Kensington resident wants rescue helicopter committee for the suburb

Tony Morris, from Nest, and Gary Stables, Whangārei District Council airport noise committee member, attended the Kensington meeting to discuss Nest’s base staying in the suburb for several more years.

A Kensington resident is calling on Whangārei District Council (WDC) to set up a formal council rescue helicopter committee for the suburb.

Allan Kerrisk’s call comes ahead of two further council drop-in sessions at Kensington Stadium in the wake of WDC rolling over Northland Emergency Services Trust (Nest)’s soon-to-expire 10-year Kensington helicopter base lease for up to another three years.

The last two of five meetings about the lease extension are on tomorrow from 5pm-7pm (the only evening meeting) and May 25 from 3pm-5pm.

Kerrisk said the new committee was needed for community transparency around the helicopter base shift progress and ongoing noise and fumes mitigation.


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“A committee would help keep the players on the fastest track to mitigation and resolution,” Kerrisk said.

The formal council committee would be in place until the helicopter base shifted. It could be set up with residents’ representatives, Nest and the council – along the lines of WDC’s airport noise management committee. It would provide outcomes that were similar to those of the airport committee, Kerrisk said.

“Council setting the committee up would show it is working with affected residents to look at mitigation and ensuring the helicopter base’s move from Kensington is not stalling,” Kerrisk said.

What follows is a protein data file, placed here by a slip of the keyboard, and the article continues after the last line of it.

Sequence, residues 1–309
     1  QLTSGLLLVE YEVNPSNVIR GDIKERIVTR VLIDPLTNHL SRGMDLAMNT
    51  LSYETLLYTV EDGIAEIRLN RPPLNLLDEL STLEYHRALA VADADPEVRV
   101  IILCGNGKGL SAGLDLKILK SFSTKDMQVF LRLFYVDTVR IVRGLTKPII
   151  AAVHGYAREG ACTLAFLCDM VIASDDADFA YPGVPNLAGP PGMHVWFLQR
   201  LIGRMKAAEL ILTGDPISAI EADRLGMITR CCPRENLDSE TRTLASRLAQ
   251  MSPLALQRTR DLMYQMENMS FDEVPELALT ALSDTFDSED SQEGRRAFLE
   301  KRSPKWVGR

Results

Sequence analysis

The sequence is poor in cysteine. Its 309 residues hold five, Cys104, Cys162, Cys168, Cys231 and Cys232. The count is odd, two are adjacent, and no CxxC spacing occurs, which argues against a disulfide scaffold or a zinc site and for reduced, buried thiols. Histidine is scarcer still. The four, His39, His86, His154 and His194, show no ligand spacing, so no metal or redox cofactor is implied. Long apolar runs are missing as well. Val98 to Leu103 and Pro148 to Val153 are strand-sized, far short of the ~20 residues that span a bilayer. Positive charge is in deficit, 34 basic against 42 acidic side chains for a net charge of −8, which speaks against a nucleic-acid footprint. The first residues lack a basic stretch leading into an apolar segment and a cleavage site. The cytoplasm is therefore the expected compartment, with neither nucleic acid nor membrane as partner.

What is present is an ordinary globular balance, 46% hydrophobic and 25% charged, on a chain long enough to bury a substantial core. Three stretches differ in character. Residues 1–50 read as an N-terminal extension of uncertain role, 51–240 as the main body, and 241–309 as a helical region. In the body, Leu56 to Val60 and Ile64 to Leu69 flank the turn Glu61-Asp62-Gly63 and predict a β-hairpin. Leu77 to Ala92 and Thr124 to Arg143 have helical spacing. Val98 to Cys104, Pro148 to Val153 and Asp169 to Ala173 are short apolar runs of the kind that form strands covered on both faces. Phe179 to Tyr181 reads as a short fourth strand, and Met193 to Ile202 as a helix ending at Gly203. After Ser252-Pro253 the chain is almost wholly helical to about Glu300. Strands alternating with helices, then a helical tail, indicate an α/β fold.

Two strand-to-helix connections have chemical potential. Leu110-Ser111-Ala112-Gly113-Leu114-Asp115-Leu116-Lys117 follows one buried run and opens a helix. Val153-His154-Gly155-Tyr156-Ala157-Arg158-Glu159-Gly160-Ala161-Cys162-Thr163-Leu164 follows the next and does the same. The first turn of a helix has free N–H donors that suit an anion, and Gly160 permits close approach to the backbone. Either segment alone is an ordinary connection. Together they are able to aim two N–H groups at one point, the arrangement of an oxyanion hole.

“There would be less community doubt about how things are progressing if the council and Nest engaged in this way”. He said it could hold quarterly helicopter community meetings with Kensington and Regent residents.


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Kerrisk attended the second of five community drop-in sessions, saying afterwards he was disappointed to hear Nest would not be moving from Kensington when its current lease expired.

“We found out at the meeting there was no appetite for having an alternative ready in the wings should the court rule in Sound’s [Save our Airport from Undue Noise Disturbance] favour”.

Onerahi airport shift opponents Sound are challenging WDC and Nest over the Kensington-to-Whangārei Airport shift in the High Court. The hearing is due to start on August 11, less than two weeks after the current 10-year lease for the Kensington base expires.

Nest trustee Murray Broadbelt told the heated second drop-in session his organisation was solely focused on shifting from Kensington to the airport, and had no Plan B for its plans to shift to Whangārei Airport.

“Operationally, the airport is the safest place for the helicopter patients and crew to take off,” Broadbelt told the meeting.

Kerrisk said legal proceedings against the shift could drag on for some years, depending on the outcome of the High Court case. There was the potential for the court decision to then be appealed to the Court of Appeal and beyond that to the Supreme Court.

The second council helicopter shift drop-in session recently saw about 25 people attend what was a heated meeting in a packed tiny upstairs Kensington Stadium meeting room. Attendees were forced to spill out of the venue on to an adjacent balcony and also out into its doorway entrance.

Polarised views from across the spectrum were heard from the Kensington and Onerahi residents attending. Kensington attendees’ views ranged from those such as former WDC and Northland Regional Council councillor Bill Rossiter’s, who had no issue with the Nest base being in his suburb, through to base neighbour Roger de Bray, who wanted it gone, saying it was clearly way past time the base shifted.

Local Democracy Reporting is Public Interest Journalism funded through NZ On Air.

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